These protests are organized with paid protesters in the mix. They're deliberately trying to draw an incident that will legitimize their resistance. They're looking for the opposition to mess up. The media is waiting for them to do so. Leftist operatives are waiting for it to take place so they can pounce on it to further their agenda. It's textbook Alinsky tactics.
But, you might say, "Obama and Clinton called for unity and a peaceful transition!" Well, yes, they have to. If they didn't; if they raised the call to arms themselves, then it ties the violence and damage these riots are causing directly to them. They are directly and publicly responsible. That moves them farther from power, which is what an Alinskyite would not do. However, they play nice and it forces the winners, and the right, to lower our guard and extend their hand in unity, looking gracious in defeat all while the operatives underneath keep doing what they're doing.
What's telling is that neither Obama or Hillary have came out to publicly denounce these riots. Which they should. If they're calling for a peaceful transition, then they should tell their ardent supporters to calm and back off. But they haven't. Yet, you have Bernie Sanders, whom is a socialist but NOT an Alinskyite telling them to stop. He's not part of the inner circle loop, which is obvious by the way he was treated in the primaries. Yet Obama and Hillary are. They won't tell these people to stop. They're just waiting for this protest to produce the incident.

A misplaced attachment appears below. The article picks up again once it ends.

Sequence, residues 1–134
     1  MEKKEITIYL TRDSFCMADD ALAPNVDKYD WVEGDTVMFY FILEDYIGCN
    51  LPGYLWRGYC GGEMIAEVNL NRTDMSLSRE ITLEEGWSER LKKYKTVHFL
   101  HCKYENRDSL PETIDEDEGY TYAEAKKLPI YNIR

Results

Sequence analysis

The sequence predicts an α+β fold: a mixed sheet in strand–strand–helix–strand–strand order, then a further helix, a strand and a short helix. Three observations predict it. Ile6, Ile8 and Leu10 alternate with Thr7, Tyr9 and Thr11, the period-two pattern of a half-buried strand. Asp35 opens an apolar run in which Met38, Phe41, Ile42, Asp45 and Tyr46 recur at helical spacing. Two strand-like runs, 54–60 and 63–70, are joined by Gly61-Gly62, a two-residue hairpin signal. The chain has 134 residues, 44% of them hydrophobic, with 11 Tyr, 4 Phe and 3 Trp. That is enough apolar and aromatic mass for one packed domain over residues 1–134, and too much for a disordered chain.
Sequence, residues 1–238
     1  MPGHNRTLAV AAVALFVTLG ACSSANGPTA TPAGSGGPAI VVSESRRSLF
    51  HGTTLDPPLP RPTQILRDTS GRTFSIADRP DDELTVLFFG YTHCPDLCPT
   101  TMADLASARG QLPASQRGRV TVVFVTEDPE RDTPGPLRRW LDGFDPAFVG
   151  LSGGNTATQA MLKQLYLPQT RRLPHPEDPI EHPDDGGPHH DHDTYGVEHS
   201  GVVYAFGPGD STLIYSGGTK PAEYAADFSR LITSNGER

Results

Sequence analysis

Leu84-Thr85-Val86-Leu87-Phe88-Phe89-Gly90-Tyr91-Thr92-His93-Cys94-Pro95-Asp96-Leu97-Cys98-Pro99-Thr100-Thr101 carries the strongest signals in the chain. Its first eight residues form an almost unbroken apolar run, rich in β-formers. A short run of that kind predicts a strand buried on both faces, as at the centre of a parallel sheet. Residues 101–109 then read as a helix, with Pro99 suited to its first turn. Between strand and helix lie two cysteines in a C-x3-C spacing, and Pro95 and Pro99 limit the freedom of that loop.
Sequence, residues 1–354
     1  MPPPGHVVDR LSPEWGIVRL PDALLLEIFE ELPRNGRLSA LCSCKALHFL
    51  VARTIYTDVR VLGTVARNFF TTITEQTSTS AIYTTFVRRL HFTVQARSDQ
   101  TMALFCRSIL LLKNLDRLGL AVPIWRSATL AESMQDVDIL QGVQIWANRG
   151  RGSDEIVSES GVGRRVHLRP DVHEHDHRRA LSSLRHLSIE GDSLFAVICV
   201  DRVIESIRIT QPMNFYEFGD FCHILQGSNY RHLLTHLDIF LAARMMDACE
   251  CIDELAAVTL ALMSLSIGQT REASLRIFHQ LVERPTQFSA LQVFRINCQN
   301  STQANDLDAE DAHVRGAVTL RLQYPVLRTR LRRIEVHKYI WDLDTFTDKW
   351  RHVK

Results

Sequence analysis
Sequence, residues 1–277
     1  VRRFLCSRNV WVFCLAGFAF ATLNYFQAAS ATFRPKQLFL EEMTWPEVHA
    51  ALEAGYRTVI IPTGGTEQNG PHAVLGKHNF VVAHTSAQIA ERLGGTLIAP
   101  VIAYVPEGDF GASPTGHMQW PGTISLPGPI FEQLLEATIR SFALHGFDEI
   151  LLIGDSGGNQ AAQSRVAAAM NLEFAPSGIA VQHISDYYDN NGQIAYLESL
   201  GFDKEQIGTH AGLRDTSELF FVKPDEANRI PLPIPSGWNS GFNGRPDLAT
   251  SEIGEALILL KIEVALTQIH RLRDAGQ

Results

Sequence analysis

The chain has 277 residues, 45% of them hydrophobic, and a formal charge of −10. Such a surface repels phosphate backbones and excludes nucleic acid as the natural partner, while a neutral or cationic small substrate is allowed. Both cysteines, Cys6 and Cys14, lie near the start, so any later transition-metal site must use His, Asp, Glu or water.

What is this incident? It could be a variety of things, but the bottom line intent is that these protests are designed to provoke a response from either Trump supporters, republicans, law enforcement, etc that makes it look like the protesters are being oppressed. Maybe some protesters get run over when blocking traffic (by someone just not paying attention). Maybe some protesters get beaten down or shot in a chaotic situation. The facts for the incident won't matter. All that matters is that some "peaceful" protesters got hurt and are being oppressed.
After such an incident, you can bet there will be calls for a variety of central power grabbing actions. It could be that martial law is declared because the incident set off nationwide chaos in urban areas. It could be a call to institute a federal police force to supersede local law enforcement. It could be declaring a state of emergency that somehow delays or usurps the transitional political process. It could be trying to push forward some type of emergency injunction in the court that stops Trump from taking office.